Oneidas (Multicultural America:)
The Oneida reservation in northeast Wisconsin is a thriving community today. The economy is fueled by a tobacco industry and a tourist center with lavish hotels and energized casinos. The community's self-sufficiency, however, did not come easy. The Oneida peoples have been inhabitants of North America for approximately 10,000 years. They were the smallest of the five nations of the Iroquois Confederacy. The other nations were the Mohawk, Cayuga, Onondaga, and the Seneca. The Iroquois Confederacy was founded in the sixteenth century and dissolved around the Revolutionary War. The Confederacy divided over the war with the Oneida and Tuscarora (later admitted into the confederacy) fighting on the side the colonists while the remaining nations sided with the British. The Oneidas were alienated from the confederacy because of their participation in the war. The United States, however, vowed to support the nation in exchange for their help during the revolution.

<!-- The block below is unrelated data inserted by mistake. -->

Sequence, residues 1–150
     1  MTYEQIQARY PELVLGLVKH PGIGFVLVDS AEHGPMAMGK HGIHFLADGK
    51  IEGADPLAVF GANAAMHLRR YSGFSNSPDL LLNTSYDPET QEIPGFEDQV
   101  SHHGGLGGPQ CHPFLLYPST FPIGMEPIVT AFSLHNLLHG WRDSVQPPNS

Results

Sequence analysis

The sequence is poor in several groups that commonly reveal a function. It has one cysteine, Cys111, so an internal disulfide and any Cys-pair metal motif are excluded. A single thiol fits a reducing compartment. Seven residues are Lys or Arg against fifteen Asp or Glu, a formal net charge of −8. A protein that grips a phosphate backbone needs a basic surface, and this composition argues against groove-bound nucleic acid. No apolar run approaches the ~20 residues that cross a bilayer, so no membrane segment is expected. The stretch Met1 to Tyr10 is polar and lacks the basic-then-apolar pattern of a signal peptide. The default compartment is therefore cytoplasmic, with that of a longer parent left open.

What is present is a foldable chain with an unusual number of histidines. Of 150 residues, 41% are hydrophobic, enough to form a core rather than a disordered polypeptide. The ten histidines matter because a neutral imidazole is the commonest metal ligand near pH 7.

The promise was later sealed in a treaty, the 1794 Treaty of Canandaigua. However, New York state did not honor the treaty by failing to protect and preserve the Oneida's ancestral lands. The Oneidas saw their six million acres of land disintegrate to a mere 32 acres. It was at this time, around the 1830s, that many members of the Oneida nation began to migrate north and westward, to Canada and Wisconsin. In 1973 and 1985, in...
(The entire section is 2843 words.)
Want to Read More?
Subscribe now to read the rest of this article. Plus get complete access to 30,000+ study guides!